Well, a while back Twitter aficionado Lawie Phipps took a tour of the canal system on his boat. Scrolling through Twitter became like emersion therapy (no pun intended) and after flinging my phone across the room a few times (thank crunchie it’s an android) I was soon able to view the photos through my veiled fingers. I can’t say I will be hiring a narrow boat anytime soon (though my rescue adventure hound would find it marvellous) it made me think of what else I fear and how I can overcome it.

It is at this point dear readers that I divulge my confession. I am in many ways a shamdemic. I talk the talk, I read academic papers, I walk amongst you, yet before I began working at the OU 12 years ago this June I had never stepped one fairy footstep onto another campus as a student. 

Yes, it is true. So how you may ask am I blogging to you as a doctorate student if I never studied at a university prior to employed tax paying life? Well I joined the OU so I could study with the OU as I was never in the position previously to finance my own studies in the traditional manner. So with my 12 years at the OU I will have spent almost 9 of them studying whilst working full time with a U/G, 3 P/Gs and hopefully soon, a doctorate under my belt and after my name. 

I’m immensely proud of my achievements whilst climbing the career ladder at the OU as I started out on the lowest grade at the lowest pay when I joined, but I always feel slightly outside of the academic community (lovely though you guys are). To the point that this blog post as been sitting in my drafts now for quite some time, and holding up others, until I could remedy myself to complete it.

Then two pieces of advice came within days of each other that reframed my mindset. Firstly at my final doctorate residential school last weekend we were told that our doctorates make us an expert on our research. That may sound obvious to some, but it’s true. My doctorate is on why learners become engaged with MOOCs and the impact on design. Now there are plenty of people out there that can talk about MOOCs  (and we definitely have they really are the marmite of academia) but I have a working knowledge of 58 MOOCs with in excess of 120 presentations over 4 years from conception, through to design, production, presentation, and review. All by the OU. For my doctorate I’m reviewing 19 of them. I can’t say that I know of that many people that have been involved with MOOCs to that volume, to that detail, for that number of presentations, and for that length of time. So does this make me an expert? I guess it does.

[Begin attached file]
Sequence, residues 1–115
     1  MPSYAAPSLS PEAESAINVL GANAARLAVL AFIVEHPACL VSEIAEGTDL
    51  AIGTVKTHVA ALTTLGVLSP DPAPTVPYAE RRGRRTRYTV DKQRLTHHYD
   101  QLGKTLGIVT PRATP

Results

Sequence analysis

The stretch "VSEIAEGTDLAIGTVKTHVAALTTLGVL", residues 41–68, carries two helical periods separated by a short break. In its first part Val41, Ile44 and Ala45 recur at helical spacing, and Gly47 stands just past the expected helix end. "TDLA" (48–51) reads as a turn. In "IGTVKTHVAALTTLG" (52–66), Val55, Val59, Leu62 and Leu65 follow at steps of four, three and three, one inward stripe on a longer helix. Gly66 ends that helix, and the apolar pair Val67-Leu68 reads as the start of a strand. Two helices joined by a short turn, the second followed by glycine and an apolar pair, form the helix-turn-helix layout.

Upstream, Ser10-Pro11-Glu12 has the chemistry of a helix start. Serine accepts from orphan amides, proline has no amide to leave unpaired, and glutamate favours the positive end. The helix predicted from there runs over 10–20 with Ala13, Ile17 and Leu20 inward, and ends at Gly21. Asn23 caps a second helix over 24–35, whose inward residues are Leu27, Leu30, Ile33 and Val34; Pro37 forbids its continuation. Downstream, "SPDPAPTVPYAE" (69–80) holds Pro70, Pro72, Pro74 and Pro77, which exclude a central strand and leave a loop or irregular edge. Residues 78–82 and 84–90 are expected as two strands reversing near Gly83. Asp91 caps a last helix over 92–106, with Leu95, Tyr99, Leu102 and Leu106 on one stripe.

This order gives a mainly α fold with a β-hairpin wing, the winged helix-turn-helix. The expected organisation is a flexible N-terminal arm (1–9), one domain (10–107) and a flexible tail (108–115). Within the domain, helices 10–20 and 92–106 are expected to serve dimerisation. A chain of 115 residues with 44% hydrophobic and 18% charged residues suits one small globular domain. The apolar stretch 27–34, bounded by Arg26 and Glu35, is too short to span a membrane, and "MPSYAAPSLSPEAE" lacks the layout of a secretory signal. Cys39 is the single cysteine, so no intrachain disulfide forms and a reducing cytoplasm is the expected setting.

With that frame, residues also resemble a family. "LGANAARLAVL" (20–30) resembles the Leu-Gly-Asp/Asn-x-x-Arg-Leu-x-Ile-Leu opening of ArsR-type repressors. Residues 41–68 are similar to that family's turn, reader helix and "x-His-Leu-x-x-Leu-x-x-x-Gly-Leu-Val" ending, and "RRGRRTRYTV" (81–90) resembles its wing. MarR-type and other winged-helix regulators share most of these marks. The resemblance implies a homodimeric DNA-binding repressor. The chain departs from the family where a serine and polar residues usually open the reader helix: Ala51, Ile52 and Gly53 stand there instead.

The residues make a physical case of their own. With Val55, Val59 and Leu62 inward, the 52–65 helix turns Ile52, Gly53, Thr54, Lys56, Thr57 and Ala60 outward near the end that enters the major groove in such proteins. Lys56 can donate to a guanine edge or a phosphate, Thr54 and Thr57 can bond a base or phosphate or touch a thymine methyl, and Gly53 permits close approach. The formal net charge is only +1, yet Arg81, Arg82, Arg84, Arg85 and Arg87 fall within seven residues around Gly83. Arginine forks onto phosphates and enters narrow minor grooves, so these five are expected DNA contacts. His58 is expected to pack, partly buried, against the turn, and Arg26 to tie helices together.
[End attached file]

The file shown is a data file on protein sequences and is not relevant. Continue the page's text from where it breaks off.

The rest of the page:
The second piece of advice came today, in the form of an amazing female colleague on campus that I’m very sad to see leave, Rachel Cragg. She told me that I should be unapologetic in who I am, because it makes me, me. And that being me is bloody marvellous. 

Combined together these are most useful pieces of advice. The biggest battle with my doctorate has been the confidence to know what I am doing is enough. I’ve spent the last two years asking my supervisors is what I’m doing enough fearing I will fall short (it seems my data collated is more than enough). A confidence issue that sits juxta to my usually confident, sassy, outspoken self. I have absolutely no issue in walking into a room filled with hundreds of people and given a presentation on my day job complete with dry wit, humorous anecdotes, and pictures of my dog. I have even delivered presentations with concussion, on crutches, and without power delivering only from memory (thankfully not all at the same time). This is what I love, live, and breathe for. 

So what’s the problem I hear you ponder? I freeze up when it comes to presentations or publications on my research. I live in fear of my unique academic record being exposed. Though hundreds of thousands of people study with the OU every year, I can’t say I know of many/or any others like me that have studied for their entire academic career with the OU from undergraduate through to doctorate. Usually at some point they have studied elsewhere even if it’s for a year. I fear that an academic that may know less than me about MOOCs will out me for not having a traditional academic record and therefore void my research. 

So sod it, here is me, outing myself. I haven’t studied at any other university than the OU, I haven’t worked at any other university than the OU and if you snap me in half it says OU all the way through me. So what do I have? I have 12 years experience working in the largest university in a variety of roles and grades delivering in OER, social learning, accredited learning and MOOCs. I have 9 years experience of being an OU student from U/G through to doctorate and I have working knowledge both academically and professionally of one of the largest collections of MOOCs by a singular university. 

Not too shabby… 

From here on out, academic confidence is a go. I repeat, academic confidence is a go. 

*bookmarks narrow boat holidays*